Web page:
Interesting theme proposed by Frank O'Shea - in Frank's words: How about a series on poems featured in movies. You already have "Code Poem for the French Resistance" [Poem #197]from the film "Carve Her Name With Pride". And "O Captain, My Captain!"[Poem #157] from "Dead Poets Society". And I seem to recall a film in which "Invictus"[Poem #221] was central - a teacher trying to get a student to tease out the meaning; what was the film? Here is another one, the first verse of which is read aloud from the old book of verse in the cave in one of the meetings of the Dead Poets Society. Whenever I recite it, I have to warn listeners not to make up their politically correct and sensitive minds until I have finished.
(Poem #1165) The Ballad Of William Bloat
In a mean abode on the Shankill Road Lived a man named William Bloat; And he had a wife, the curse of his life, Who always got his goat. 'Til one day at dawn, with her nightdress on He slit her pretty throat. With a razor gash he settled her hash Oh never was crime so quick But the steady drip on the pillowslip Of her lifeblood made him sick. And the pool of gore on the bedroom floor Grew clotted and cold and thick. Now he was right glad he had done as he had As his wife lay there so still But a sudden awe of the mighty law Filled his heart with an icy chill. So to finish the fun so well begun He resolved himself to kill. He took the sheet from his wife's cold feet And twisted it into a rope And he hanged himself from the pantry shelf, 'Twas an easy end, let's hope. In the face of death with his latest breath He said "to hell with the Pope." Now the strangest turn in this whole concern Is only just beginning. He went to Hell, but his wife got well And is still alive and sinning. For the razor blade was Dublin made But the sheet was Belfast linen.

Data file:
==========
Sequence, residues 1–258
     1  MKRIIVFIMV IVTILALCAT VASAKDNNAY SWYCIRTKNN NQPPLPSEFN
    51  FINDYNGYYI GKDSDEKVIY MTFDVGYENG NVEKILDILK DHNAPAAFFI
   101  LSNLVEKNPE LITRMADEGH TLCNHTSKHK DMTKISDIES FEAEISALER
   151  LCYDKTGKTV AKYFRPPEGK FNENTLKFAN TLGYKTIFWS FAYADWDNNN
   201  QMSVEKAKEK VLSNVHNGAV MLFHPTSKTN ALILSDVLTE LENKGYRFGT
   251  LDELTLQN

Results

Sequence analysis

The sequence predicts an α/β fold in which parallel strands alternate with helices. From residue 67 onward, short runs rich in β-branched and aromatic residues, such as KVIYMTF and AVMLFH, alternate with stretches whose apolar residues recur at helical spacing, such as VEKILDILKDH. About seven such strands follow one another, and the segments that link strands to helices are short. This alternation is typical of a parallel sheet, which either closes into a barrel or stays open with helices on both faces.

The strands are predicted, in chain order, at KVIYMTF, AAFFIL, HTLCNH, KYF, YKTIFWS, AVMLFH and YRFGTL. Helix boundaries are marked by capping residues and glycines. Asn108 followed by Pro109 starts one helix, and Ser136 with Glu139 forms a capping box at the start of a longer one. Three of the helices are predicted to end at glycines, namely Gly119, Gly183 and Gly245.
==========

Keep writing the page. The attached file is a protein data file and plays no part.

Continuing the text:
The poem is variously attributed to that prolific creator of such verses, Anon. But I have also seen the name Raymond Calvert as author. I would be happy to know something about him. [I found several attributions to Calvert, so I've gone ahead and followed suit - martin] The Shankill Road is the centre of militant Protestantism (more accurately, anti-papistry) in Belfast and is rarely out of the news when it comes to "loyalist" paramilitary activity. I have also seen the last two lines written as For the razor blade was German made But the sheet was English linen. Presumably a leftover from one of the World Wars and possibly when it first appeared. Frank O'Shea [Martin adds] Curiously enough, apart from "Funeral Blues"[Poem #256], I can't think of any memorable poetry featured in a movie (Jackson's first "Lord of the Rings" movie disappointed me in that respect - I expected at least one poem as a voiceover.) Maybe I just don't watch enough of the right sort of movie. I'm looking forward to seeing what people come up with. (Afterthought: no, I lied - there was the very memorable, and heartily recommended, "Il Postino")